The formula has worked wonders. Gross merchandise value rose 50% in 2021 and analysts expect another 26% growth in 2022.
RealReal also scores high in “quality” for its turnaround potential. The firm has lost money over the past-3 years, making its slow march to profitability look like a turnaround in the eyes of the quant-based system.
Finally, its negative momentum makes for an attractive “buy-the-dip” play. REAL has lost 75% of its value this year, pricing the firm at a stunningly low 0.44x forward price-to-sales (P/S) ratio for an online business. Wall Street analysts have a $9.67 price target on the firm, or a 3.2x upside.
For investors seeking a little more risk, the RealReal offers the potential for significant gains.
Growth: A+ | Value: A+ | Quality: A- | Momentum: B
Overall Grade: A+
High-growth Wayfair (NYSE:W) should land squarely on any tech investor’s list. Its 18% revenue growth rate and 43% EPS rise puts it in the top 5% of all companies by those metrics.
Those who follow the traditional ecommerce space will already know why. The online home goods market is highly fragmented; even Amazon (NASDAQ:AMZN) has struggled to gain a dominant market share.
That’s given Wayfair the opportunity to expand. Between 2013 through 2020, the Boston-based firm grew an average of 49% per year — a third faster than Amazon between 2000 and 2007.
Wayfair also operates an inventory-light model — a tactic that reduces the amount of capital required upfront and raises ROIC to unnaturally high levels (If Wayfair were a goose that laid a golden egg, an asset-light model means its suppliers are the ones paying for the next goose!)
Though its 71% year-to-date slide is too negative for a positive momentum score, Wayfair makes it into the top 5 thanks to its other outstanding elements.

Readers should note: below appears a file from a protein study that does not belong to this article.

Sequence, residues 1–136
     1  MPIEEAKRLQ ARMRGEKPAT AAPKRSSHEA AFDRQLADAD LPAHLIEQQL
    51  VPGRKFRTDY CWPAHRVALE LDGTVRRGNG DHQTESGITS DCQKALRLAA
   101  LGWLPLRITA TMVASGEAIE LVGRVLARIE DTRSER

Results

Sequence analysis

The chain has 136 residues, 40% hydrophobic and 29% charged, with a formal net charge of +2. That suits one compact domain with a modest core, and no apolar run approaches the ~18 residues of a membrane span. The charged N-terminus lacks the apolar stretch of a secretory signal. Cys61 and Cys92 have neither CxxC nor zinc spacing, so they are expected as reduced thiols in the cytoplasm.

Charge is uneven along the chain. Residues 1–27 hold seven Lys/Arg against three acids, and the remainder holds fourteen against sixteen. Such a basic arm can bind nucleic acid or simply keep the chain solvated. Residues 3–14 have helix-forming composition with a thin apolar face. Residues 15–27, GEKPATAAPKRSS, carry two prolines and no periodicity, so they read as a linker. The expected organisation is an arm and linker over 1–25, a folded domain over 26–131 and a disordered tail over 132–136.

2Seventy Bio (TSVT)
Growth: A+ | Value: A+ | Quality: B- | Momentum: A+
Overall Grade: A+
Finally, biotech firm 2Seventy Bio (NASDAQ:TSVT) offers investors a chance to buy into a “turnaround” stock.
From a traditionalist standpoint, TSVT looks risky at best. Operating losses widened by 126% to $314 million in 2021, tearing a hole through the company’s balance sheet; only its well-timed IPO saved 2Seventy Bio from a worse fate.
Shares have also performed miserably. Since its November split from parent Bluebird Bio (NASDAQ:BLUE), TSVT has fallen almost 70% as investors reconsidered their bets on risky, money-losing ventures.
But these figures also point to the potential for a massive turnaround.
2Seventy is growing, fast. The company owns the rights to Abecma, a gene therapy approved last year for cancer treatment that’s gaining traction among oncology doctors. In clinical trials, almost three-quarters of patients responded to the treatment for multiple myeloma, and a quarter shed all signs of the disease.
Demand for the treatment has since boomed. Analysts believe revenues will rise 55% in 2023 and 52% in 2024; 2Seventy has since ended the development of a competing CAR-T therapy.
The company’s partnership with Bristol Myers Squibb (NYSE:BMY) helps keeps overhead costs under control. Marketing and development costs fall to its more significant partner, while developing new gene therapy drugs — a more controllable aspect — is kept with 2Seventy.
Few biotech R&D companies have the fortune of having a revenue-producing drug to fund more research. And that’s what gives 2Seventy Bio such a substantial Profit & Protection score.
Quantitative Plus Qualitative
The quant-based Profit & Protection system gives us a phenomenal head start. If we bought all five picks from today, there’s a good chance we’ll outperform the market by 15% to 20% per year.
But what if we want to do better?
That’s where a qualitative system comes in — the process of choosing the top 1-2 of the list based on our insights.
Sometimes, these hidden trends are easy to unearth. Climate change has sent solar stocks into overdrive, while a shift to ecommerce has made companies like Wayfair winners.
Other times, some phone calls go a long way.
I regularly confer with researchers to understand the latest findings in cancer research (this is publicly available information, and I never ask about a specific company’s drugs).
These insights are what hedge funds have long called “having an edge.” And that’s why high-scoring Profit & Protection stocks will always have a second round of consideration before getting added to the core list.
On the date of publication, Tom Yeung did not have (either directly or indirectly) any positions in the securities mentioned in this article.
Tom Yeung, CFA, is a registered investment advisor on a mission to bring simplicity to the world of investing.